This list should keep you busy if you are trying to figure out what to do on Martha’s Vineyard for a day or a week.
Martha’s Vineyard is a large island off the coast of mainland Massachusetts and the third-largest island on the US east coast. It is around 88 square miles, many of which you can reach by public bus.
The island is quite diverse, with areas full of shops and restaurants where you can be in the thick of things and places to escape from the world in wooded areas along the shoreline. It typifies New England seasides with the relaxing pace of island life and carries echoes of its past, including the Kennedy family.
Enjoy my list of things to do in Martha’s Vineyard.
1. Visit Martha’s Vineyard in the shoulder season.
From when kids get out of school in mid-June until Labor Day, the weather is perfect on Martha’s Vineyard. Since everyone loves excellent weather on a gorgeous island, the crowds start flocking, and prices rise. Although the island doesn’t get much snow, the winter winds can be pretty intense. If you hit the sweet spot between late May and when tourists show up in full force, you will enjoy the island with fewer people and lower prices.
2. Take a day trip to Martha’s Vineyard.
Although I recommend spending more time here, don’t give up your trip to the island if you don’t have much time.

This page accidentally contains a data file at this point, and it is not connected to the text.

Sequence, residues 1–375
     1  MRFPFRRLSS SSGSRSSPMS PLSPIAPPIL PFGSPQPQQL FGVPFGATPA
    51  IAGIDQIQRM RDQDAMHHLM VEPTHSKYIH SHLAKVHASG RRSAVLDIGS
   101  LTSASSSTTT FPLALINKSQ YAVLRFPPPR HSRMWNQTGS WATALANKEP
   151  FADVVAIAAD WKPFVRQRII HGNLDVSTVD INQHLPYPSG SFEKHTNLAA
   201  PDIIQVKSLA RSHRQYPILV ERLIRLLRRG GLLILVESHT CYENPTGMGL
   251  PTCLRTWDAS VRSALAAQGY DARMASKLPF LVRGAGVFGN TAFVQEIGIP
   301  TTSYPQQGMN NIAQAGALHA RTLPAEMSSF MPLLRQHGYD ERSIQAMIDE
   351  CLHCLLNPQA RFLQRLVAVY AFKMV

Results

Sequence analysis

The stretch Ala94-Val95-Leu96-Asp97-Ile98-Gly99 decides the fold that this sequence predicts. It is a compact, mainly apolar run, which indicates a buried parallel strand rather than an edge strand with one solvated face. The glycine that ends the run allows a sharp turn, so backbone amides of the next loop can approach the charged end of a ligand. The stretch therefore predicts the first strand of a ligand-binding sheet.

Since it is so close to Massachusetts (the ferry takes less than an hour) and Rhode Island (the fast ferry takes 1 hour and 40 minutes), it is a perfect spot to visit, even if you only have one day. The ferry drops you off in one of the most popular towns– Oak Bluffs, Edgartown, or Vineyard Haven. You can even take a day trip from Boston.
3. Explore Oak Bluffs, Massachusetts.
When you get off the ferry here, you will be surprised to learn that this bustling town was named because it used to be an oak grove. You will not be surprised that it is the only town on the Vineyard planned as a tourist destination. Even in the shoulder season, it is busy and has a large concentration of the island’s restaurants and stores.
4. Walk through “Cottage City,” Wesleyan Grove.
These cute gingerbread summer cottages were built as part of a Methodist revival, replacing the tents used in the 1700s.
5. Search through the cottage nameplates for the Harris and Shearer Cottages.
Oak Bluffs was one of the first havens for African-Americans to vacation by the beach. An exhibition called “Power of Place” is where you can learn more in the National Museum of African-American History and Culture in the US capital. This is just another one of the great things to do in Washington, DC!
6. Try some lobster ice cream at Ben and Bill’s Ice Cream Emporium.
I was a bit suspicious about eating lobster ice cream. Ben and Bill’s lobster ice cream has a sweet, buttery base making it a yummy treat. I was less of a fan of the frozen chunks of lobster, but it is more remarkable that they are there.
7. Visit the Vineyard Vines stores.